מאת: טום ליכטנפלד | איור: טום ליכטנפלד
תרגום לאנגלית של ההצעות לפעילות בחיק המשפחה
Cloudette / Written and illustrated by Tom Lichtenheld
Cloudette wants to do big and important things. She embarks upon a journey in which she discovers how small clouds are capable of great changes. This story is about the anticipation for rain, and how both great and small can influence the world. As Israeli singer and songwriter Arik Einstein wrote: "one drop joins another to form the sea".
"And bestow blessed dew and rain upon the face of the entire earth" (from the
Throughout history, the inhabitants of the Land of Israel have awaited and been thankful for rain. In the days when most dwellers were farmers, they prayed for rain to water the earth and help their crops grow. To this day, despite technological advances, we anticipate rain each year, looking up to heaven, following the clouds, measuring the Sea of Galilee level using a series of red lines, and comparing rainfall to multi-annual quantities recorded.
But along with the quantity of rain, it is equally important to have it dispersed across the country, and throughout the season. The term "blessed rain" describes the adequacy between human needs and rainfall, and like it, the story of Cloudette demonstrates the importance of befitting giving with needs and ability to accept. This story also shows us how a small deed can bring great blessing.
You may want to re-read the beginning of the story together, and be reminded of the advantages of being a small cloud. Perhaps later you would enjoy discussing your child's size with them, and mention things that only little children can do.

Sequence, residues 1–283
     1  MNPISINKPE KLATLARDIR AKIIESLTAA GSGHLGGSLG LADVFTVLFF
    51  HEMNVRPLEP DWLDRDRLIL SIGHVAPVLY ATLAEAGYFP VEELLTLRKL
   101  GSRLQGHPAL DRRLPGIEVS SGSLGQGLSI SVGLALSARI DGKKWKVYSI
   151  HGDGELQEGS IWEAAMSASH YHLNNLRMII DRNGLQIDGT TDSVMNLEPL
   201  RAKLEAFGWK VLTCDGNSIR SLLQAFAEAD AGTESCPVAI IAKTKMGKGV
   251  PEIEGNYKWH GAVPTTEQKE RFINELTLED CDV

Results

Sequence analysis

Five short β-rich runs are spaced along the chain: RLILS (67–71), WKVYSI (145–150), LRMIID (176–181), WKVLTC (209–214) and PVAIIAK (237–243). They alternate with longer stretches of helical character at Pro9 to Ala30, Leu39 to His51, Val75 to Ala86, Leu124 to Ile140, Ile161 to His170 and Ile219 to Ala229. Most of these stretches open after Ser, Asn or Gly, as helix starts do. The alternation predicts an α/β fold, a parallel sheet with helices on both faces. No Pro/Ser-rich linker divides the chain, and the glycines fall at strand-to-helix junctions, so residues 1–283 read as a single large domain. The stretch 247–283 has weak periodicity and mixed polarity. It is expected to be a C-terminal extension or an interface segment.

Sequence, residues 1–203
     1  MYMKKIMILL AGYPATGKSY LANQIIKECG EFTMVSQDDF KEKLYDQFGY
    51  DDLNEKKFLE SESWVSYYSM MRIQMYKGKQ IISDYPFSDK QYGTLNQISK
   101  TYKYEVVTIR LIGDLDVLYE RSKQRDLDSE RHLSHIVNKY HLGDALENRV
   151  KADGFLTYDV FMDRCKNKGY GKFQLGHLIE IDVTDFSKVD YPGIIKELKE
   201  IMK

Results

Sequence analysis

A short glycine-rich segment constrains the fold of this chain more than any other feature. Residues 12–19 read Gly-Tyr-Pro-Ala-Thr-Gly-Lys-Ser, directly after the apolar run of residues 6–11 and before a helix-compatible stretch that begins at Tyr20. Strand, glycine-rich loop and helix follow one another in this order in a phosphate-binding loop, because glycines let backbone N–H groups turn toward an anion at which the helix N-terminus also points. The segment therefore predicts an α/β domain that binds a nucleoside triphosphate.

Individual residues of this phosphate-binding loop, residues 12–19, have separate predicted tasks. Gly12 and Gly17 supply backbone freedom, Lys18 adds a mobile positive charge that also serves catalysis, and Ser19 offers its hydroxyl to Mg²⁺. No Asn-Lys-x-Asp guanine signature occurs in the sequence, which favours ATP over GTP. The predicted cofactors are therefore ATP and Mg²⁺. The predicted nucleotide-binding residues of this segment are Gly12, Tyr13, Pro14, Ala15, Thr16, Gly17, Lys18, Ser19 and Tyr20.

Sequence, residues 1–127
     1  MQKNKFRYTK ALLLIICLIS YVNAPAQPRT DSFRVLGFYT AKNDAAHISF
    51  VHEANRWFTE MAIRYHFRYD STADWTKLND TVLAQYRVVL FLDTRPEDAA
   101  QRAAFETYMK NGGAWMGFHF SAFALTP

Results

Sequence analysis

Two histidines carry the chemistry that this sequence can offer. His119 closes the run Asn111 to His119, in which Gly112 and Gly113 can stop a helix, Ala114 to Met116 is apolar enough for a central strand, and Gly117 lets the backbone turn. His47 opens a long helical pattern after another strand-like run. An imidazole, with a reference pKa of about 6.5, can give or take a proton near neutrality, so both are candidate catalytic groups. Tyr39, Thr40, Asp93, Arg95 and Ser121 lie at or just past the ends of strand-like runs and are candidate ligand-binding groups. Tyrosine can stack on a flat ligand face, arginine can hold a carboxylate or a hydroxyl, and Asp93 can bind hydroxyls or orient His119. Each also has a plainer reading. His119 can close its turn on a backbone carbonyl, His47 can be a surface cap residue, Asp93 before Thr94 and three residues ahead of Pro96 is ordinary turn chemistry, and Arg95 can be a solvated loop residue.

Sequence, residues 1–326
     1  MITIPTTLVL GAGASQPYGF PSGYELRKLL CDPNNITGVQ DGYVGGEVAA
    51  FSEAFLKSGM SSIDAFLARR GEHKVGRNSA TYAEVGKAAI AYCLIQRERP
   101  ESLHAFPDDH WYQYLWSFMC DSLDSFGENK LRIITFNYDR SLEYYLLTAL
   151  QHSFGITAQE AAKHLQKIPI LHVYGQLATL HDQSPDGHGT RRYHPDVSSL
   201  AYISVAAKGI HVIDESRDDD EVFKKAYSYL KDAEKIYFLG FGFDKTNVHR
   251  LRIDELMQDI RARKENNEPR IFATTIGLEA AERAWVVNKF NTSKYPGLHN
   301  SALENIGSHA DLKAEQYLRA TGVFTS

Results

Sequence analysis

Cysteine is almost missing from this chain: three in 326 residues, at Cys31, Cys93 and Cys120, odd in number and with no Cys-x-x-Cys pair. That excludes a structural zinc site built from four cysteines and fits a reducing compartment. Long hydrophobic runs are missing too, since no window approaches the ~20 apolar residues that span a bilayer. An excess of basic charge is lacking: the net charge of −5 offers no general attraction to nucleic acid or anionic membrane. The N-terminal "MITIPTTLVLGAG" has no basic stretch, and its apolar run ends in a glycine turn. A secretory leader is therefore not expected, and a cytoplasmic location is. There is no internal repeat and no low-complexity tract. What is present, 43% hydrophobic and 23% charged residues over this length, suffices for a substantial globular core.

Despite the advantages of being small, and her friends' positive attitude towards her, Cloudette wants more. You may want to discuss wishes and desires: is there anything your child wants to do but has yet to try? Is there anything they would like to do but are unable to due to their age or size? You could make a list of desires together. Perhaps some of them can already be fulfilled!
When Cloudette hears "Ribbit" and sees the dry puddle, she realizes what she can do. You could ask your child whether we always know how to help others, and share stories of help given to another, or how others have helped you exactly at the right time using just the right kind of help.
You may like to notice the bigger clouds' nicknames for Cloudette, and how they treat her. They do not tease her, but instead accept her the way she is and like her. Following the story, you may want to discuss nicknames with your child, the various relationships between those older and younger, and the desire to be "a big kid".
Do you like the rain? Following the story, you may want to ask your child whether they like the rain and why, who needs rain, and who enjoys it. Do you know other stories, songs and tales about the rain? You may enjoy curling up together in a warm corner of the house and telling rain stories.
Perhaps you would like to create a rainwater receptacle together. Remove the top part of a plastic bottle by cutting across it (watch out for sharp edges!), place the empty bottle in an open space near your home, or hang it on a wire outside your window. How long did it take it to fill up with rain? Your child may enjoy monitoring the level of water in the bottle, and deciding how to use the rainwater collected.
Enjoy reading and discussing the book together!